6. The soul espoused to Christ is one that would just lie and lodge in the arms of a Redeemer : ver. 3. “ His left hand shall be under my head, and his right hand shall embrace me.” To the fame purpose is what we have, ver. 6, “Set me as a seal upon thine arm." As if she had said, Let my life, my soul, be “hid with Christ in God;" let me be encircled in his everlasting arms, and the eternal God my refuge. As it is the desire of a gracious soul to have Christ lying as a bundle of myrrh beluzen its breasts, so it cannot rest till it be in the arras and bosom of him who is in the bosom of the Father; and Oh, when it comes there, the soul cries, “ This is my relt : here will I dwell, for I do like it well.”

7. When the soul wins to any nearness to the Lord, it is afraid of every thing that may stir up his displeasure, or VOL. II.



provoke him to withdraw; as you see it was with the spouse, ver. 4. “ I charge you, O daughters of Jerusalem, that ye ftir not up, nor awake my love until he please.” The poor soul that is admitted to nearness to the Lord, is afraid of the least squint look to the world, self, or any of Christ's rivals ; afraid of the workings of a remaining body of sin and death, pride, vanity, or any thing else that may provoke him to cover himself with a cloud in his anger. The man knows, to his sad experience, that his iniquities separate between him and his God; and therefore he watches against the Icast appearance of evil. Oh there are but few tender Christians in our day: and hence it comes that there is so little of sensible communion with the Lord; for communion with God can only be maintained in a way of holiness, and habitual tenderness of walk : Pfal. xxiv, 3. “Who shall ascend into the hill of the Lord ? and who shall stand in his holy place ?" ver. 4. “ He that hath clean hands, and a pure heart," &c.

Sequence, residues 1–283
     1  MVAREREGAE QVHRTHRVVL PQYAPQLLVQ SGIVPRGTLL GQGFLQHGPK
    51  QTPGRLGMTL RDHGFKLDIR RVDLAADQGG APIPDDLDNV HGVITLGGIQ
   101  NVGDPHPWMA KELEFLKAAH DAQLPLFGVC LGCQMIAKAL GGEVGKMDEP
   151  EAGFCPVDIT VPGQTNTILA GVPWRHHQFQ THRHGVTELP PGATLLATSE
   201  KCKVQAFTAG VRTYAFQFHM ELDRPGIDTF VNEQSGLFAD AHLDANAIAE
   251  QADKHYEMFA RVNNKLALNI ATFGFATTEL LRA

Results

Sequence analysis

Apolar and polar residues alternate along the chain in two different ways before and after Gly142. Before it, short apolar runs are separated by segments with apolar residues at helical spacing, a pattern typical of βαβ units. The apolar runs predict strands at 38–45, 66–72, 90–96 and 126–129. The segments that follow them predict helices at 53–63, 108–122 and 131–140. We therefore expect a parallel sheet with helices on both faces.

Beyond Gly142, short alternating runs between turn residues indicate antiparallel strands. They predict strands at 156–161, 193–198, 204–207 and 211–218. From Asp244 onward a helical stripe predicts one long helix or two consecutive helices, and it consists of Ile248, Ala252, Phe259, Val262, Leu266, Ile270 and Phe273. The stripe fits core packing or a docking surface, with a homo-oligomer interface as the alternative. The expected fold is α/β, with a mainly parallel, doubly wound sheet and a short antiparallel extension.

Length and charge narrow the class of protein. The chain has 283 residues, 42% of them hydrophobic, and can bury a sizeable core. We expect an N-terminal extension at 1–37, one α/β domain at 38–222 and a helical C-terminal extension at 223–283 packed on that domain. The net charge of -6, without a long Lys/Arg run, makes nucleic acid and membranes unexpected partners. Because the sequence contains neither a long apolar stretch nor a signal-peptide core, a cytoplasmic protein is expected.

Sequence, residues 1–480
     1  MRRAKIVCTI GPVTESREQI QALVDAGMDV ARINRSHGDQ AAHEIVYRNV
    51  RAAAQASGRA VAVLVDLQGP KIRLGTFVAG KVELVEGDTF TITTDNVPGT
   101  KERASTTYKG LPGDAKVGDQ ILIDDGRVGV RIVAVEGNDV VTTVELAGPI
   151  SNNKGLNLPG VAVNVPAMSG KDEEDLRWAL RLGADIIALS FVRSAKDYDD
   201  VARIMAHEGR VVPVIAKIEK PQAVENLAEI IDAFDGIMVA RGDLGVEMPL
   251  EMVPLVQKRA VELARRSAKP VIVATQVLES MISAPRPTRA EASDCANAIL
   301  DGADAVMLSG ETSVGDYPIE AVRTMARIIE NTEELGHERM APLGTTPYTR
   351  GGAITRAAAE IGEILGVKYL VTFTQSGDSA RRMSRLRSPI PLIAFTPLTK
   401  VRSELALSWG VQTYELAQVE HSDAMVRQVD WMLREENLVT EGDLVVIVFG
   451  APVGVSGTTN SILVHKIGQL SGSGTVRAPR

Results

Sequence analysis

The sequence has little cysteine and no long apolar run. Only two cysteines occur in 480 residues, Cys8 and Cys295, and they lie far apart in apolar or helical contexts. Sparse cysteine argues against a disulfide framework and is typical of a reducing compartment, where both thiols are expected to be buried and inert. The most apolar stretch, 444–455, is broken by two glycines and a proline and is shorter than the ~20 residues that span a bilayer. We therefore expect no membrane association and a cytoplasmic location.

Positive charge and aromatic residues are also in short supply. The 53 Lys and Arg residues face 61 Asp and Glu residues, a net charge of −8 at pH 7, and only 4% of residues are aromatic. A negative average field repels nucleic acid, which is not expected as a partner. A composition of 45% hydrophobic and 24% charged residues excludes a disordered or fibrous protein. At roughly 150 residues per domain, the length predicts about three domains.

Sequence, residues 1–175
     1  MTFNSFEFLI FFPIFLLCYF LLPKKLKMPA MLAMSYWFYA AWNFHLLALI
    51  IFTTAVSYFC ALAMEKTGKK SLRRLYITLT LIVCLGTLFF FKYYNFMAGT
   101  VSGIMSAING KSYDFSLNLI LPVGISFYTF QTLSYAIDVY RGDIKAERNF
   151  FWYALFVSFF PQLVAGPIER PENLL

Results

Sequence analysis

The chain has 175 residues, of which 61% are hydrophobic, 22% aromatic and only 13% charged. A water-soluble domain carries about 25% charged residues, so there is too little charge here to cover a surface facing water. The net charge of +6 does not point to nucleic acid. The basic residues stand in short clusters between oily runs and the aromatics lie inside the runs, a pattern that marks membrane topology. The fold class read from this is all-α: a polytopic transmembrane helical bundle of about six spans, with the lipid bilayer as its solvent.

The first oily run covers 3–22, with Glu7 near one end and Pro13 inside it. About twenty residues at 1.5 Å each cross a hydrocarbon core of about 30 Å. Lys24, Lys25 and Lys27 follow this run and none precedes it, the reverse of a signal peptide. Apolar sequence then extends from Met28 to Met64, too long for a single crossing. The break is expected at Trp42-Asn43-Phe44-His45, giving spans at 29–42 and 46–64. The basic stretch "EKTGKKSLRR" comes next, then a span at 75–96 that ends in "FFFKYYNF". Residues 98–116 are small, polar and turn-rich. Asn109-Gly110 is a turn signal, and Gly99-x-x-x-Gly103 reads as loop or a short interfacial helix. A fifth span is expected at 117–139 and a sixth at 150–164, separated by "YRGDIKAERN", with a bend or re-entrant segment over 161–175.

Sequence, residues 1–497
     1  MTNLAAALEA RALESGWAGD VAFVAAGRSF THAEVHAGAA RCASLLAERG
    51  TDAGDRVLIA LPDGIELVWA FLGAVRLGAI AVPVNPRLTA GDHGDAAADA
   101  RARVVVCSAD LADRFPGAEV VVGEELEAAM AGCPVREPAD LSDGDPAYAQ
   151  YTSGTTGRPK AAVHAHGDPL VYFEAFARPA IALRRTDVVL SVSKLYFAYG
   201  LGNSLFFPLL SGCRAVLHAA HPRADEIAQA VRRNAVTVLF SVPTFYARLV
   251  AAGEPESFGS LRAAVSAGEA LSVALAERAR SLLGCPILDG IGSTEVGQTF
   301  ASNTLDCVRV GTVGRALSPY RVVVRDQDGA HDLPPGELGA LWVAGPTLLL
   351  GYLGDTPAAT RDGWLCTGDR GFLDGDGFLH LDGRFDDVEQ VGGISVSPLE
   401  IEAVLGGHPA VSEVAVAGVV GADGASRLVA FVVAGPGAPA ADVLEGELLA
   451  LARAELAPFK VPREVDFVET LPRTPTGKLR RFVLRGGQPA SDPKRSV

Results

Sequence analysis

8. The foul espoused to Christ is one who is bending his course heavenwards, and has his back turned upon this world as a howling wilderness. They “ desire a better country, that is, an heavenly;" they are looking for a city that hath foundations, whose builder and maker is God ;' and there. fore they look upon this world, and the things of it, with a holy contempt and disdain; as you see in the spouse here, she is coming up from the wilderness toward the promised land of glory.

9. He is one whose life in this world is a life of faith and dependence on Christ, as you see in the spouse here ; as the travels through the wilderness, she leans on her beloved. Here " we walk by faith, not by light : The life which I live in the flesh, I live by the faith of the son of God,” But of this more afterwards. Thus I have glanced at the character of the soul espoused to Christ, as it lies in the preceding con text.

11. The fecond thing was, to take a view of the place of the present residence of the spoufe of Christ ; it is a wilderness, a very un. heartlome lodging. For,

1. You know, a wilderness is a solitary place: Psal. cvii. 4, it is said there of exiles, or travellers, that “ they wandered in the wilderness in a solitary way.” Oh what a weary solitary place is this world unto God's people, especially when, to their own sense and feeling, the Lord is withdrawn from them! The whole world looks toom and empty; all the riches, pkasures, relations, and comforts of time, cannot fill his room ; fo that they are in a manner wild, and know not what to do, or

· whither whither to turn them, when Christ is away. Hence is that of Job, chap. xxiii. 8. 9.“ Behold, I go forward, but he is not there ; and backward, but I cannot perceive him : on the left hand where he doth work, but I cannot behold him ; he hi. deth himself on the right hand, that I cannot see him. O that I knew where I might find him !”

2. A wilderness is a misty and foggy place, where noisome steams and vapours, arising out of the earth, darken the sky; which are both prejudicial to health, and ready to lead the traveller out of his way. Such a part is this world to the Lord's people. What hellish Iteams and vapours are caft up by Satan, the god of this world, to bemist the traveller to glory, whereby he is in danger of losing his way and spiritual health at once? Never was there an age wherein such peftilential vapours of error, blasphemy, carnal policy, and profanity, did more abound, than in this day wherein we live ; the mouth of the bottomless pit is as it were opened, and blasphemy and errors cast up, to darken and obscure the Sun of righteoul. ness, &c. .